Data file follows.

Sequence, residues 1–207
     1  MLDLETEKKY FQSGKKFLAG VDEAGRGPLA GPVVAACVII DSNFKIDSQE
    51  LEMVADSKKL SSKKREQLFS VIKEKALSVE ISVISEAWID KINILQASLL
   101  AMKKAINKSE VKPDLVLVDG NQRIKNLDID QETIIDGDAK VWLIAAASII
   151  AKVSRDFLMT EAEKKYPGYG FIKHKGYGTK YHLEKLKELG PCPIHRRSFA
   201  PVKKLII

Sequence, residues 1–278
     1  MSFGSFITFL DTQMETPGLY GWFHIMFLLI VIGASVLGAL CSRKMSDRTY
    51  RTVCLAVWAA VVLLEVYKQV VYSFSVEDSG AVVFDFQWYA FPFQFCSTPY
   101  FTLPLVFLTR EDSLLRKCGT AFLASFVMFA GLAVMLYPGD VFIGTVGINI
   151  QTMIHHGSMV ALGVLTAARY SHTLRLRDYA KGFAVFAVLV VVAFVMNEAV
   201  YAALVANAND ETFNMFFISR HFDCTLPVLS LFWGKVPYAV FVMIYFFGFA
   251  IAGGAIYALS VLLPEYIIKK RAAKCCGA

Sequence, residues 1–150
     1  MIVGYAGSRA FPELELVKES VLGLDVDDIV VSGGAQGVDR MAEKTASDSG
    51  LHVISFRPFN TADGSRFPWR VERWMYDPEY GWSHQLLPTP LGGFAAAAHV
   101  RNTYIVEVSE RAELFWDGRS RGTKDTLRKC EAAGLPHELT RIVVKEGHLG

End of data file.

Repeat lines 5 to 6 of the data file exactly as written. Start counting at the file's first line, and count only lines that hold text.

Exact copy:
   151  AKVSRDFLMT EAEKKYPGYG FIKHKGYGTK YHLEKLKELG PCPIHRRSFA
   201  PVKKLII